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November 8, 2020 at 10:38 am #5736Rana GoodmanKeymaster
As the holidays approach my mind often drifts back to my youth and some of the holiday traditions I enjoyed so much back then.
My mother was a court dressmaker ( a seamstress who designed and made clothing for ladies of the court) before venturing into the retail world. As such the basement level of the town house we lived in was devoted to her work. There were large cutting tables, bolts, and bolts of fabric and lots of room to spare.
I was about six or seven when my father came up with a very unconventional idea to share our holiday with children that had no family. The three of us, mother, father, and myself climbed into the car and headed at short trip into the countryside, stopping at a large brick building I had never seen before.
That building with lovely grounds turned out to be an orphanage and the three of us were quickly ushered into the office of the lady in charge. My father explained his idea of wanting to take twelve children of assorted ages to our home for the Christmas holidays.
The lady, as I recall, was all for the idea and said that no one had ever done something like that before. The children would be assorted ages starting at five and would be driven to our home in London since our car, tiny as most British cars were would only seat 4 people.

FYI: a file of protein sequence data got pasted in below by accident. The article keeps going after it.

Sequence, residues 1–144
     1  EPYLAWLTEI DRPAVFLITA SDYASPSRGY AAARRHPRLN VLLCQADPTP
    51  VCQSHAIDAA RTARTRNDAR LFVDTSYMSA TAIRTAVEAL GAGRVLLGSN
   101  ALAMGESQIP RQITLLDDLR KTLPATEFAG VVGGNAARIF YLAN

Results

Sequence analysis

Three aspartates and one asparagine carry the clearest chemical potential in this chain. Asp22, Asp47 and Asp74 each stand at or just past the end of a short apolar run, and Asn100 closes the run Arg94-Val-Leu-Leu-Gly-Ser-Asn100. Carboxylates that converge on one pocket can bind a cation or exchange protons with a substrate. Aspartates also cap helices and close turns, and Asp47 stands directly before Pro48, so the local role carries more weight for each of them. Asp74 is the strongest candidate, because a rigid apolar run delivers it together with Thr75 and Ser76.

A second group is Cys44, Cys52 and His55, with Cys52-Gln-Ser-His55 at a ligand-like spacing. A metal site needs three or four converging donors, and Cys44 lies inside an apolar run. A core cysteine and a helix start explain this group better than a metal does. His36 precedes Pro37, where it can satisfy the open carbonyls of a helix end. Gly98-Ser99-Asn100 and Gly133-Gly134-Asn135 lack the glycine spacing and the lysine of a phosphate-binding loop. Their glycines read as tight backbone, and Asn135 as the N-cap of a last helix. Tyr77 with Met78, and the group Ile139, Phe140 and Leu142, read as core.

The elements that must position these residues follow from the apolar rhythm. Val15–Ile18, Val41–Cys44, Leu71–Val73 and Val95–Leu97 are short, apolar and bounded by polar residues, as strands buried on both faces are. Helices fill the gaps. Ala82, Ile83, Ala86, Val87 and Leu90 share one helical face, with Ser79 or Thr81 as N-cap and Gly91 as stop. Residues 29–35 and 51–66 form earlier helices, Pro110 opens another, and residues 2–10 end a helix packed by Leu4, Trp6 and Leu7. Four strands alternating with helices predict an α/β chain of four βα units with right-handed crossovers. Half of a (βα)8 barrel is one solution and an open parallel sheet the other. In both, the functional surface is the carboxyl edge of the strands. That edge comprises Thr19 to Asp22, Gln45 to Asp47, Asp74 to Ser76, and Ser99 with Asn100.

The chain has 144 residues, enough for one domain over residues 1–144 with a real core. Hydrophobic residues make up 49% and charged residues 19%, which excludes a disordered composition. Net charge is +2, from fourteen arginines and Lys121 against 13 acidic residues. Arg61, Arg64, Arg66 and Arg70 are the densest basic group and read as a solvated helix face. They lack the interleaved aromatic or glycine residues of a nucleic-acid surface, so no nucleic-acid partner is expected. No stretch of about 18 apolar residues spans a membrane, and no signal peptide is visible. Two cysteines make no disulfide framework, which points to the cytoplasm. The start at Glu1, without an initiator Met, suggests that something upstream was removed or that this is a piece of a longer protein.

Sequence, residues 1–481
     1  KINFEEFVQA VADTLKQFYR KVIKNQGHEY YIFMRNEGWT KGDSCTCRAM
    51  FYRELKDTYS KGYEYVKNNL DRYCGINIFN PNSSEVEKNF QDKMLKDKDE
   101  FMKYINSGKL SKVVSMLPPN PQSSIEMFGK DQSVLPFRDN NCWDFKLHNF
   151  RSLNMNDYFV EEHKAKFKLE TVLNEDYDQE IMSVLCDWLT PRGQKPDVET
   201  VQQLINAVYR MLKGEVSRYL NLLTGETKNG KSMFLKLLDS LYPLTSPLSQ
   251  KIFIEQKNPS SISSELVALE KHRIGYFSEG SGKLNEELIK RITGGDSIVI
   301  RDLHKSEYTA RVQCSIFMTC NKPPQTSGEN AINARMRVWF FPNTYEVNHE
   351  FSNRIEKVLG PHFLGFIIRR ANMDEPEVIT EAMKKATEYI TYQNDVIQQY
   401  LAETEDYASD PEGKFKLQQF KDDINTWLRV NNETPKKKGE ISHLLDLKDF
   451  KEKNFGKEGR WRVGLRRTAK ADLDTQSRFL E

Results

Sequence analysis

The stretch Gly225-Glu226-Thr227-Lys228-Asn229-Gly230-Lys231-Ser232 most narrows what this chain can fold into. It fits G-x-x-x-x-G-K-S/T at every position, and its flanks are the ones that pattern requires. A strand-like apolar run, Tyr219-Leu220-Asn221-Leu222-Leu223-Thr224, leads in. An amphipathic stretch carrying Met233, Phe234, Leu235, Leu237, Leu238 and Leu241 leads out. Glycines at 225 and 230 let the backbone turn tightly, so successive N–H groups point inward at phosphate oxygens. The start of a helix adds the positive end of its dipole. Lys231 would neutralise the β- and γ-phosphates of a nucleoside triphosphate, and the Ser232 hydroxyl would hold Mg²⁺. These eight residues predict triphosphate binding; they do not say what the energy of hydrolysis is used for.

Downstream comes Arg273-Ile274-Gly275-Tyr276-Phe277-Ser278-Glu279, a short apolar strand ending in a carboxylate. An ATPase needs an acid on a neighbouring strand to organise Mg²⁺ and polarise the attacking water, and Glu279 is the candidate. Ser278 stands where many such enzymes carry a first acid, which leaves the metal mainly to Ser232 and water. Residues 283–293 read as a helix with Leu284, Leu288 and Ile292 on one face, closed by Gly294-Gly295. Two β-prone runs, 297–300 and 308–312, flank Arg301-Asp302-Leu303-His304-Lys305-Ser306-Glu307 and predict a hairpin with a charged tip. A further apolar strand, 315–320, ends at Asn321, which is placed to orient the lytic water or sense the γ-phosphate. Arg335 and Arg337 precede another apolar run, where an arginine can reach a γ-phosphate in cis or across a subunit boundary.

The week that followed our home was bustling with my mother cooking cakes and pies and all the wonderful holiday dishes she made so well. They had mattresses brought down to the workshop and in no time at all transformed it into a large dormitory for all we children.
Once the children arrived, we spent the two weeks we had them going to all the fun places around London and even took a train down to South End, a lovely beach city. We would all walk together two by two with my dad striding alongside, swagger stick under his arm.
We certainly drew lots of stares from people passing by, were we a large family or what? By the time the end of the holiday’s came and the bus from the orphanage came to retrieve the children there were tears, hugs, and promises to see them all again soon.
That became a tradition for several years, and I have never forgotten the smiles, and joy on those children’s faces. My parents taught me the value of sharing and giving back to those less fortunate. I remember and think about those days so often and have wished so many times that my children could have seen that side of my parents.
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